Please ponder on this...
OK, counting on your expertise here. My friend moved to a new house two years ago and wanted to start a garden. She tilled up an area in the backyard, sun all day long, no history of chemicals / cultural practices for the previous lawn, but based on the previous owners, probably not much at all. She had a lot of rotted manure tilled in initially.
Planted her first season garden, Beans, Zucchini, Eggplant, Garlic, Cucumbers and Tomatoes. Weather / rainfall was pretty average for this area. Everything grew very well and she had good production all summer long. The Tomatoes set beautiful big fruit but she didn't get a ripe tomato until October!! Here's the curious thing, these were transplants that I gave her, the same as the ones growing in my garden, and mine had been ripening all summer long.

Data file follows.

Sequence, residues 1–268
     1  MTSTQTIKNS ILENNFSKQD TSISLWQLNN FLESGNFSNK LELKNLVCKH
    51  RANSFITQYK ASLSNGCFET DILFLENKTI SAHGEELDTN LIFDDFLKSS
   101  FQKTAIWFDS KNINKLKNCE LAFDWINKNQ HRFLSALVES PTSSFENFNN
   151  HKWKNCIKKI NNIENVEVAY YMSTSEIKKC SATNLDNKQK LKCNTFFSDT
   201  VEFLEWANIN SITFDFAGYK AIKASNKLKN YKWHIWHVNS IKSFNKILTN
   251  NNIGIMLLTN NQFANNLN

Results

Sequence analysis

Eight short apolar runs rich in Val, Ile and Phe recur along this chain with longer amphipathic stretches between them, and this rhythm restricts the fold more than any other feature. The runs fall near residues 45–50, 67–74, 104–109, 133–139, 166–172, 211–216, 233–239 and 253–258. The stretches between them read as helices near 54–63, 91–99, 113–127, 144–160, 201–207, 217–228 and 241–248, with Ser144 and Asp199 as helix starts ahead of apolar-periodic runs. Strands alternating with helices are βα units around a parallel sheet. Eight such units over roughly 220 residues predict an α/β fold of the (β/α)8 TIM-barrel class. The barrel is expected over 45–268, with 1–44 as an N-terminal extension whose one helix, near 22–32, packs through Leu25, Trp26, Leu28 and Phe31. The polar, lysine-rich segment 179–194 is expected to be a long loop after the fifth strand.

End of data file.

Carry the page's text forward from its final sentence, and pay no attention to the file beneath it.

So this year, she plants the same plot of ground, but didn't add any more manure. She planted the same basic plants as last year, but bought Tomato transplants at our local farmer's market. Incredibly dry this year but watering brought good growth and production on everything. Even the Tomato plants were heavy with fruit set, but not a ripe tomato until October!! Again, I had been picking ripe Tomatoes since August.
Our gardens are about 10 miles apart so no significant climactic differences. Both years, these were big lush plants, seemingly not lacking for nutrients. There may have been too much nitrogen just because of the initial manure application, but how would that affect ripening?
So, there are the facts surrounding the mystery. Any thoughts would be greatly appreciated.